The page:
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Biography of Muhammad Ali

Biography of Muhammad Ali
Muhammad Ali has been an icon to millions of people all over the world. He not only touched the hearts of people by his deeds as champion in the ring, but also out of it. Simply known as 'The Greatest', he is also a great philanthropist.
SportsAspire Staff
Some of the greatest boxers, including Mike Tyson have been street fighters before they took to boxing. In the case of Muhammad Ali things were different. He was born Cassius Clay in Louisville, Kentucky. When he was twelve years old, his bicycle was stolen and he went to the local police station to complain. The local policeman Joe Martin was the boxing coach for the area. He suggested that Cassius learn boxing to ensure that people do not take advantage of him again.
Under the aegis of Joe Martin, Cassius progressed rapidly. His idols were Sugar Ray Robinson and Archie Moore. He went on to win the gold medal in the Rome Olympics in 1960 as a light heavyweight boxer. In boxing, glamor and fame are bestowed only on professional fighters. Cassius Clay wanted a piece of that action. He began training under boxing legend Angelo Dundee.
The year he turned professional Clay showed the world a glimpse of what was to come, when he had a six round victory over Tunney Hunsaker in his first professional fight. After a series of victories, it was time to step up to the plate. It was time to fight the most famous fighter of the era―Sonny Liston. All the money, most of it mob-owned, was on Sonny, considered to be a fighter who seriously maimed most of his opponents. There was little interest in the match, because everyone thought that Liston would give the young upstart the beating of his life. By the seventh round it was all over, Cassius Clay had beaten Sonny Liston.
It was around this time that Cassius Clay had become increasingly disillusioned in a white-dominated racist society. He was increasingly enamored with Islam. He converted to a Muslim and changed his name to Muhammad Ali. His style of boxing was something that was very novel. Ali's hands would always be at his sides, not covering his face. He relied on razor-sharp reflexes, dancing feet, and great reach. His style was described as 'Dance like a butterfly and sting like a bee'. Another big difference between Ali and conventional boxers was that most of his punches were aimed at the head and not at the body.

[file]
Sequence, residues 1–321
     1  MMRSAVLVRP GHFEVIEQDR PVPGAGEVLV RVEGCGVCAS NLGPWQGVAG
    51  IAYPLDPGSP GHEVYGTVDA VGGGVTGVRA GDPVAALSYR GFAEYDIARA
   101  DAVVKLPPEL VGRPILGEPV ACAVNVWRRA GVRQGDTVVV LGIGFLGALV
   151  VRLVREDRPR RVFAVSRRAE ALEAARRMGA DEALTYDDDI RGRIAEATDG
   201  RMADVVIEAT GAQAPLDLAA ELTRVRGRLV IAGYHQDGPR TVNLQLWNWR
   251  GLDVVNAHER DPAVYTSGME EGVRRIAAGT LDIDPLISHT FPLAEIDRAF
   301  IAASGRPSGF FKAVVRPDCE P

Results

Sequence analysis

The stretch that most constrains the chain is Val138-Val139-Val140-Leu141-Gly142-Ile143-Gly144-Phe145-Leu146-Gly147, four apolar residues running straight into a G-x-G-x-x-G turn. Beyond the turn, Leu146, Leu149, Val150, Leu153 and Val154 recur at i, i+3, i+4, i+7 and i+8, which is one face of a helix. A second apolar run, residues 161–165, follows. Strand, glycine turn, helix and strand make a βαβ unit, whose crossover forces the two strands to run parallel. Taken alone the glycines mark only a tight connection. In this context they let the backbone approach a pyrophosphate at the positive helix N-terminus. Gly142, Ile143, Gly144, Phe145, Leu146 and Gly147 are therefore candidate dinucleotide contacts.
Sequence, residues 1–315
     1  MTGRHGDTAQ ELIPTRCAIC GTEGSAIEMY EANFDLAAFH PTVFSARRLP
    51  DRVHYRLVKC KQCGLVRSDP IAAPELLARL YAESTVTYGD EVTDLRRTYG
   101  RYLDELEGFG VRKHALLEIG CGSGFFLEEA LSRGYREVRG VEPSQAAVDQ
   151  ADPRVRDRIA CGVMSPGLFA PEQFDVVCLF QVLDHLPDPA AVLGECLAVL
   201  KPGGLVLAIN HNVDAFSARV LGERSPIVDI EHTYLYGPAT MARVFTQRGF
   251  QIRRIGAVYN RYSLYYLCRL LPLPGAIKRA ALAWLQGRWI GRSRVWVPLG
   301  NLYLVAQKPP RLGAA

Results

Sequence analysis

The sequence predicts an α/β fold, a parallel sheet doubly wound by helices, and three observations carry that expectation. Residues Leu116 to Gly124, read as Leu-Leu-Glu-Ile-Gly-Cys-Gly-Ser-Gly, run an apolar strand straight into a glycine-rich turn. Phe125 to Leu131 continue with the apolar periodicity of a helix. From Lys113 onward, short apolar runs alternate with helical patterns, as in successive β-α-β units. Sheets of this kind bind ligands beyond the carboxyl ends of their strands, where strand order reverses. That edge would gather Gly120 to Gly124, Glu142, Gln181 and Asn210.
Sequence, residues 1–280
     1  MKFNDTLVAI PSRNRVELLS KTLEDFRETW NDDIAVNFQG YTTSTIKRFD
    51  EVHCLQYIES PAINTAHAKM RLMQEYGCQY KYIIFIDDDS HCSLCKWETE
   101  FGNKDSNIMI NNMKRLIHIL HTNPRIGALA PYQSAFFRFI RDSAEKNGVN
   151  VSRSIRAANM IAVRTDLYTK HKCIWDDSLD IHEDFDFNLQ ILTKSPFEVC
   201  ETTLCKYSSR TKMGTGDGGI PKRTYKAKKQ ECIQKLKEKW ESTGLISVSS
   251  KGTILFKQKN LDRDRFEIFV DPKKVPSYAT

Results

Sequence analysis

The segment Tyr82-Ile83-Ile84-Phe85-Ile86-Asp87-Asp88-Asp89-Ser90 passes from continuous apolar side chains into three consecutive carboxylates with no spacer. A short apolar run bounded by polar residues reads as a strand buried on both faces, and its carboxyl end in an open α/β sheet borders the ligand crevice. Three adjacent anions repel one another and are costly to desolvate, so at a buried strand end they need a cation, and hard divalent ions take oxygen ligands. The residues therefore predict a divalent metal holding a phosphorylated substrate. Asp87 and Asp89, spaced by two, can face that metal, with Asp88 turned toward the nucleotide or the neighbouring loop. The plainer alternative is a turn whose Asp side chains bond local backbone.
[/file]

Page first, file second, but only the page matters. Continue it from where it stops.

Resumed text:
One of the instances that is undisputed proof that he was greatly concerned by racism, was when a white man was refused entry into a black church. Mohammed Ali threw his 1960 Olympic gold medal in to the Ohio River.
One of Ali's next fights was with an aging Zora Folley. Every punch was on target and landed with great intensity. This is considered by many to be Ali's best ever performance. Muhammad Ali's rise was so fast that controversy could not be far behind. He refused to take part in the war in Vietnam, saying that "No Vietnamese ever called me a nigger." His license to box was revoked, and he was sentenced to five years in prison. The sentence was overturned after three years. Muhammad Ali had lost three of his prime boxing years.
When he returned to the ring, he had a lot to prove to the world. The champion was George Foreman, an undefeated, heavy punching American. The Ali-Foreman fight was to be held in Zaire, and was dubbed as 'The Rumble in the Jungle'. The fight was a technical masterpiece, with Ali trying to get away from the powerful Foreman for six rounds. This trick used by him was called rope-a-dope. Ali played the role of prey to perfection. He became predator only in the eighth round when he knocked out Foreman.
In 1975, Muhammad Ali was part of another epic battle. This time the opponent was Joe Frazier. The fight was dubbed 'The Thrilla in Manila'. This was a fight to the finish. Frazier was one of the most technically accomplished fighters of his era. Ali won by TKO in the fourteenth round.
In 1979, Muhammad Ali retired from professional boxing. But the lure of the ring would not go away. He returned to fight a shoot match against a Japanese wrestler called Antonio Inoki. In another match, which many people regard as a mistake, Ali fought against his former sparring partner Larry Holmes. Ali had grown old and fat, he did not stand a chance against the much younger Holmes. A medical check up after the fight revealed that he had a hole in his brain's membrane, and his speech was slurred.
In 1984, Ali was diagnosed with Parkinson's disease. He was in his early forties. In 1999, his daughter became a boxer. Laila Ali went on to become one of the best woman boxers of all time. She went on to defeat Joe Frazier's daughter.
The amount of respect that is there all over the world for Muhammad Ali is enormous. He was called in to negotiate the release of kidnapped Americans in Lebanon in 1985. In 1996, he lit the Olympic torch in Atlanta.